Multiple Chemical Sensitivity - the Role of Environmental Health Professionals

By Gist, Ginger L. | Journal of Environmental Health, January-February 1999 | Go to article overview

Multiple Chemical Sensitivity - the Role of Environmental Health Professionals


Gist, Ginger L., Journal of Environmental Health


* "Sometimes these bouts of fatigue come on so fast and are so absolute that I've actually fallen off chairs that didn't have arm rests and crumpled to the floor where I stood."

* "I forgot commitments, I forgot things I had just read, I forgot where I'd parked my car, what people's phone numbers were, how to get to places where I was driving."

* "Not a day goes by that I don't miss the old life and the old me."

- Statements from Patients with Multiple Chemical Sensitivity

Multiple chemical sensitivity (MCS), also called environmentally triggered illness, twentieth-century disease, universal allergy, and chemical AIDS, was first described almost a half century ago when a Chicago allergist began to see a pattern of patients who reported becoming iii after being exposed to a variety of petrochemicals. Since that time many more cases of MCS have been reported, yet we still have no case definition for the condition and no medical test that can diagnose it. Treatment that is effective is, at best, difficult to determine.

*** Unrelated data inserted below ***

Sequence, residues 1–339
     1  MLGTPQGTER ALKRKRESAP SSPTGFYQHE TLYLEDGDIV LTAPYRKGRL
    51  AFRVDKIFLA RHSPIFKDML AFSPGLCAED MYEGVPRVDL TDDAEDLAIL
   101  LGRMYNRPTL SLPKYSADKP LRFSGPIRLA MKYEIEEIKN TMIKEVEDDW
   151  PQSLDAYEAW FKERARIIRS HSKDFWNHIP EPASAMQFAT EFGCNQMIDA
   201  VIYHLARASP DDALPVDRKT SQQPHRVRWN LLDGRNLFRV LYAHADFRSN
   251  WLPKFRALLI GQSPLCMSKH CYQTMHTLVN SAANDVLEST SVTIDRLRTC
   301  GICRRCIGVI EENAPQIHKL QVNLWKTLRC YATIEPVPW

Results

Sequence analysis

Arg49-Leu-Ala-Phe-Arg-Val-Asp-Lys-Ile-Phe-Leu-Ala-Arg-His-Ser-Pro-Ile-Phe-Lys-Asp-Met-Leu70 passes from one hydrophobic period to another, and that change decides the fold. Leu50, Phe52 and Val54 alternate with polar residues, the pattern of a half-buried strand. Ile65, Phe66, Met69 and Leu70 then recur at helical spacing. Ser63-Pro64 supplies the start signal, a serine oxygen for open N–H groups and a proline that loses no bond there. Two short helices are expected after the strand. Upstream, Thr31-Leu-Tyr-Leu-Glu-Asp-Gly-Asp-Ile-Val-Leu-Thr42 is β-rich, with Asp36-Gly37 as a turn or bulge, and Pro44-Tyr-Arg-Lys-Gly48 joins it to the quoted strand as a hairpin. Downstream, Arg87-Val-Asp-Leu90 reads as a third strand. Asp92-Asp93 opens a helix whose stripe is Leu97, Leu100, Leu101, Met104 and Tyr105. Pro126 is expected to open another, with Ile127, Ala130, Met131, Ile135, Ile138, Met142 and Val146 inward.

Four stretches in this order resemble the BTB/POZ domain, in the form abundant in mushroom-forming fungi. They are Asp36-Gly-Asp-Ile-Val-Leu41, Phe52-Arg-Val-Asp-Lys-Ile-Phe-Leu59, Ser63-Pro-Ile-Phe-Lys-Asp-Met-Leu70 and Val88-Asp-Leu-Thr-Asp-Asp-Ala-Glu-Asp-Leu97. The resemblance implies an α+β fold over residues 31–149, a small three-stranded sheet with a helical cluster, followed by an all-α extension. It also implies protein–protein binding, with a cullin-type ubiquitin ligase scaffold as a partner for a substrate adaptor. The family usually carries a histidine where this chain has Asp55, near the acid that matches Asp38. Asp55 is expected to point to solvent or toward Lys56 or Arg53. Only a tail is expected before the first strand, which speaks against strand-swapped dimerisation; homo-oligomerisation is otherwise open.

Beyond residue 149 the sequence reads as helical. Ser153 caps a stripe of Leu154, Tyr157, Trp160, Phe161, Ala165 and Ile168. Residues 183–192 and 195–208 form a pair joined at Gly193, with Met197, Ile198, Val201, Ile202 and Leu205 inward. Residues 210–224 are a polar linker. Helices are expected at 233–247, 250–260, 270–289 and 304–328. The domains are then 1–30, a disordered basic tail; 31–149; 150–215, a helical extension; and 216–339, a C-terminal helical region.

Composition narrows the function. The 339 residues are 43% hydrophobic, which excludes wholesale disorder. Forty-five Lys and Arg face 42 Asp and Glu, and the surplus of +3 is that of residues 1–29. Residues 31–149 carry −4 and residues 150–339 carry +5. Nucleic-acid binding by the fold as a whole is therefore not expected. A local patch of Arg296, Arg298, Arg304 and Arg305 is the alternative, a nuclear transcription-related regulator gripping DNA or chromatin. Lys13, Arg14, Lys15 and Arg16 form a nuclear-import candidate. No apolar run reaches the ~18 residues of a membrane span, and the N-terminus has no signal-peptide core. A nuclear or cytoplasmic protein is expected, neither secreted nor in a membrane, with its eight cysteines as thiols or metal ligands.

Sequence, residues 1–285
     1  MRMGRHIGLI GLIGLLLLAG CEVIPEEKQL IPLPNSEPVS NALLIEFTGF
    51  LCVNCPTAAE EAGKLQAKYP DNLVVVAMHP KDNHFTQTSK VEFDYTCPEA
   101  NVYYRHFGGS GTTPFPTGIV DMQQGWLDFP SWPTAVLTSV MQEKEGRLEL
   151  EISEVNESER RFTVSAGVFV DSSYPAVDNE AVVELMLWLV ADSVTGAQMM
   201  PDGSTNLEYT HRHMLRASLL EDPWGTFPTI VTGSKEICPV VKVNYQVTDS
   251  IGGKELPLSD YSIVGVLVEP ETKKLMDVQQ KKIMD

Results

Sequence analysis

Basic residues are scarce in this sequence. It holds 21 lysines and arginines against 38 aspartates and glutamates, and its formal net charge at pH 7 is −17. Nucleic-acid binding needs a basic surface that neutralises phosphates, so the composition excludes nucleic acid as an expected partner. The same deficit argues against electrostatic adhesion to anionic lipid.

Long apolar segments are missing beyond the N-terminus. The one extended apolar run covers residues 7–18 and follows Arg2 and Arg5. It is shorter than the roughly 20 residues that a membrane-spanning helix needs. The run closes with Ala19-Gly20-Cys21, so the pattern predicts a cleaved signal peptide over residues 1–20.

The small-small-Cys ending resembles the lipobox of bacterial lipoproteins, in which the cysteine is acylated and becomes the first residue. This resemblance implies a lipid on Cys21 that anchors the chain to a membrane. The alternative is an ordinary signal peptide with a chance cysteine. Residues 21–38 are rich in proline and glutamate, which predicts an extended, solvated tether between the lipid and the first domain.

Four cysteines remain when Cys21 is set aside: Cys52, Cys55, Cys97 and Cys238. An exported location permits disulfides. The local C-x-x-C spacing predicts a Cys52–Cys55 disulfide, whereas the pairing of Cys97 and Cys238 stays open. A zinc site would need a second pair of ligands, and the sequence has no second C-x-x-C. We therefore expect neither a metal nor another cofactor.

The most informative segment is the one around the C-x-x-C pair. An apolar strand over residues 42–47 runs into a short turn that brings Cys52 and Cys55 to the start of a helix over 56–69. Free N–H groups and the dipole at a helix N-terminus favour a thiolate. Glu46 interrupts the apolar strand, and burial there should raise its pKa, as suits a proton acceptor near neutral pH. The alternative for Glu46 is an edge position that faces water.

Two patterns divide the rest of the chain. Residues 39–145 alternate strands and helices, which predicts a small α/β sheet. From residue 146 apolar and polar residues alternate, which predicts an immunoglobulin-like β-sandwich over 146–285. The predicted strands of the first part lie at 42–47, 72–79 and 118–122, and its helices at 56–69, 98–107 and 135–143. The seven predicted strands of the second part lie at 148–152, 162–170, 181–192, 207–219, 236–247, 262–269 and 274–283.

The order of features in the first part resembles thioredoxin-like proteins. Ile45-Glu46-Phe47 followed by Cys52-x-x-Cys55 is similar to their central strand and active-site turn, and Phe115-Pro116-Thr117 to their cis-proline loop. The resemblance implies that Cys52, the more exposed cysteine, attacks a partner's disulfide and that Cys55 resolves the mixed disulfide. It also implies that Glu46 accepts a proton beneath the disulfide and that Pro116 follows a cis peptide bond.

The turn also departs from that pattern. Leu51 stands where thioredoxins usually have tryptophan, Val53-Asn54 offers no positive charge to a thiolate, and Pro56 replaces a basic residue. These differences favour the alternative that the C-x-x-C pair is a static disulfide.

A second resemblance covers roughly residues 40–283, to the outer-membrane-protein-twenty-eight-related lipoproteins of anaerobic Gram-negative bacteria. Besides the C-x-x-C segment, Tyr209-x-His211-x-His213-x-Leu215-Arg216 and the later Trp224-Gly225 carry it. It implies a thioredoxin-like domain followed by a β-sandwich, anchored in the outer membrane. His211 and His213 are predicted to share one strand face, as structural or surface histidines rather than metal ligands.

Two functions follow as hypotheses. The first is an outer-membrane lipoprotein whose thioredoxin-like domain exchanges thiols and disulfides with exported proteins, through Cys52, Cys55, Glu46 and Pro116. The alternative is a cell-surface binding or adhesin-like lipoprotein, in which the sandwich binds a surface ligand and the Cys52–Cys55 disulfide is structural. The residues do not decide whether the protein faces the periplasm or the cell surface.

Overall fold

Developing MCS is believed to be a two-step process. A person becomes sensitized after receiving a "major" exposure to an environmental chemical such as a pesticide, a solvent, or a combustion product. The sensitized person then begins to respond to low-level chemical exposures from ordinary substances such as perfumes and tobacco smoke. These low-level exposures are said to "trigger" a response. Over time, chemically unrelated substances may trigger symptoms. The symptoms reported by MCS patients vary a good deal but typically include chest pain, depression, difficulty remembering, dizziness, fatigue, headache, inability to concentrate, nausea, and aches and pains in muscles and joints.

Several populations have been identified as possibly being chemically sensitive, including Persian Gulf veterans, industrial workers, occupants of "sick buildings," and people who live near contaminated sites. The racial, ethnic, and socioeconomic characteristics of these groups vary greatly enough to suggest that a real health problem is occurring.

Recently, a federal interagency work group was convened to discuss MCS. Cochaired by Dr. Barry Johnson, assistant surgeon general and assistant administrator of the Agency for Toxic Substances and Disease Registry, and Dr. Richard Jackson, director of the National Center for Environmental Health, the work group included members from the Uniformed Services University of the Health Sciences, the Department of Energy, the U. …

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